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Ni‘ihau shell lei authentication

Pamela Ka‘ilikini-Dow, respected lecturer and staunch supporter of authentic Ni‘ihau shell craft, has a panel of lei makers available for anyone wishing to have documentation that authenticates their Ni‘ihau shell lei.

Her own personal collection of Ni‘ihau shell lei include ones gifted to her mother in the late 1950s, a time when little was known of these shells.

Certificates will be issued only upon unanimous agreement of the assembled panel, following strict guidelines as established by Ka‘ilikini-Dow. A suggested retail value will be made upon individual request. As a gift to the community, there will be no charge for the analysis and stamped paperwork. However, absolutely no products of businesses or commercial entities will be reviewed.

Ka‘ilikini-Dow first held an event such as this in on O‘ahu in 2004 at the Bishop Museum and the Na Mea Hawai‘i/Native Books Store at Ward Warehouse. They each heralded the recent passing of the state law that forbids the use of the term “Ni‘ihau shells” unless the crafted item consisted of shells (at least 80 percent) from the shores of Ni‘ihau.

Later the same year, she was also invited to the nation’s capitol to represent Hawai‘i and its venerated shell art form at the opening of the Smithsonian’s Native American Indian Museum.

Ka‘ilikini-Dow and her panel are available from 9 a.m. to 5:30 p.m. May 22, 23, 24 at Forever Kaua’i in the Waimea Canyon General Store, Waimea Canyon Plaza, 8171 Kekaha Road.

• For more information call Ka‘ilikini-Dow at 337-2888.

2 Comments
  1. Terry Knight July 9, 2020 5:19 pm Reply

    My mother-in-law passed a few years ago, then her husband passed in 2018, and my husband just a couple of months after that. My father-in-law was in the service and stationed in Hawaii in the 1960s/70s. She told me about her shell necklace and said it was worth a lot. I have a three strand lay that I believe is authentically from My mother-in-law passed a few years ago, then her husband passed in 2018, and my husband just a couple of months after that. My father-in-law was in the service and stationed in Hawaii in the 1960s/70s. She told me about her shell necklace and said it was worth a lot. I have a three strand lay that I believe is authentically from Ni’ihau. How can I go about authenticating this necklace? I live in the state of Georgia, in the United States. My phone number is 706–840- 5409, and my email is terryjknight55@yahoo.com. I am retired and I am home most of the time. Thank you so much for your time and consideration.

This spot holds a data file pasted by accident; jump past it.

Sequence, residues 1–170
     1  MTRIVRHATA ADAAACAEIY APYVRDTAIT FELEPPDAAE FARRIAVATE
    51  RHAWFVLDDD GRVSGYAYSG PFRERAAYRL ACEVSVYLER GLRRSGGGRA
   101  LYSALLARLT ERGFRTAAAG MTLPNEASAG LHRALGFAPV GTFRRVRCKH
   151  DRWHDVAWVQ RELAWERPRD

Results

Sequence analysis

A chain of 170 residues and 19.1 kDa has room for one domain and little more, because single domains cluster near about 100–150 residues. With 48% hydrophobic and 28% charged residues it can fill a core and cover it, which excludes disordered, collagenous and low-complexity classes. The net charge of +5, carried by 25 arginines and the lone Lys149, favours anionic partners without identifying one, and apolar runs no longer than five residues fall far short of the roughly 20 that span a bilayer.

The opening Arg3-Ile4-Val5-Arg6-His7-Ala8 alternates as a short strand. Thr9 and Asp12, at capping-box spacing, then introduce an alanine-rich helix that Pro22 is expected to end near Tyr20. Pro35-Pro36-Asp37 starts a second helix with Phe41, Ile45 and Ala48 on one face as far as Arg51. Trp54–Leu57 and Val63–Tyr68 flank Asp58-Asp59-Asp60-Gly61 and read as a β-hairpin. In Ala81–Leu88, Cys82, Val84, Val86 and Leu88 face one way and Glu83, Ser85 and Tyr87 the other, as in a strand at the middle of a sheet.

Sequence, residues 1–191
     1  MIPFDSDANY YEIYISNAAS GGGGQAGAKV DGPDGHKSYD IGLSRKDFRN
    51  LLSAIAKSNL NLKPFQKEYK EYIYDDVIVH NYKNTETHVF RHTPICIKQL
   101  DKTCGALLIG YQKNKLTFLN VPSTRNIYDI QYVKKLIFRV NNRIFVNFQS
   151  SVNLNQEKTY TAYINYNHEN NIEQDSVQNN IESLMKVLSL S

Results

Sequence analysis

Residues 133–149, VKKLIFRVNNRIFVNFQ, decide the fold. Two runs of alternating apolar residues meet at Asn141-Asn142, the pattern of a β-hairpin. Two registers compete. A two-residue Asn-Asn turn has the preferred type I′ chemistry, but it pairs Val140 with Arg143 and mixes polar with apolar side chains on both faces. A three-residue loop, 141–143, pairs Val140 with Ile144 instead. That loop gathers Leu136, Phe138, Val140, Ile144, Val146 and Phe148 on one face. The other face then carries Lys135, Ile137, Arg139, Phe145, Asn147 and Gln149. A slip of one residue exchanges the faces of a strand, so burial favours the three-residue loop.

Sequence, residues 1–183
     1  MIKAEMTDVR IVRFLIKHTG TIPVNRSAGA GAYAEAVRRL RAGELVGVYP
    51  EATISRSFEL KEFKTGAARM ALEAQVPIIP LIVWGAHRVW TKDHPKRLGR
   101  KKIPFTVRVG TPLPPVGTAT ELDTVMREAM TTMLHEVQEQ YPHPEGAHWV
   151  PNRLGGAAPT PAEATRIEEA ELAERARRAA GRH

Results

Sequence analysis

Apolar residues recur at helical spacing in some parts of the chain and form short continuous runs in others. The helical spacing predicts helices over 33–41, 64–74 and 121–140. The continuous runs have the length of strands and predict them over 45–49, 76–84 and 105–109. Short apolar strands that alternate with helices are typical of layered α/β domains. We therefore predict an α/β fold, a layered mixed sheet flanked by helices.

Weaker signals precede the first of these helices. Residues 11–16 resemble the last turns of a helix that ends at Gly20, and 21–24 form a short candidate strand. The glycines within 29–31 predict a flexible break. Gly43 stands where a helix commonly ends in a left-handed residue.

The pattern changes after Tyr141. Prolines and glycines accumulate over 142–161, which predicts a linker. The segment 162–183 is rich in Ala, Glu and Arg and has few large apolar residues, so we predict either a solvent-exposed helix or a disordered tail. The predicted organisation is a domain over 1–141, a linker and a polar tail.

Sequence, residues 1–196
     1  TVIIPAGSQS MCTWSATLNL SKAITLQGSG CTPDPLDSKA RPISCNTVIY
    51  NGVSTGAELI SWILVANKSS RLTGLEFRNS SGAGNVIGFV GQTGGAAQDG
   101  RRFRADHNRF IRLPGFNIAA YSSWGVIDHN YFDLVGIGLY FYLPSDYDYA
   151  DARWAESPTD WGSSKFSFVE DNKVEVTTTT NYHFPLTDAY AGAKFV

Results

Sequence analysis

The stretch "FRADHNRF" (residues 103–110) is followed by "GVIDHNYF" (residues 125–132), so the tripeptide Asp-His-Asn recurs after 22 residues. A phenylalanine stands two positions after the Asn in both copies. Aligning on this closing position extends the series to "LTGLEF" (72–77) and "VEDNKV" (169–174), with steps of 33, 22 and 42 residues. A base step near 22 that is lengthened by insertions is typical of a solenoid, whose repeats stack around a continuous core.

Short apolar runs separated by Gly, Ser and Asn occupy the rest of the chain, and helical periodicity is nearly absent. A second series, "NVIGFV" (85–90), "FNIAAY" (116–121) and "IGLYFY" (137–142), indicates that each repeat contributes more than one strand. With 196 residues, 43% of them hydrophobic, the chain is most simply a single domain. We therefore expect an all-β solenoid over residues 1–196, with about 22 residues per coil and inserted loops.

2. Margaret Levings November 1, 2020 2:15 pm Reply

    I have a pair of niihua earrings and a bracelet purchased on Kauai in the early 2000’s. They were purchased from a reputable gallery as niihua shells. I live in Georgia and would like to get them authenticated. Is their anyone who can help? Thank you.


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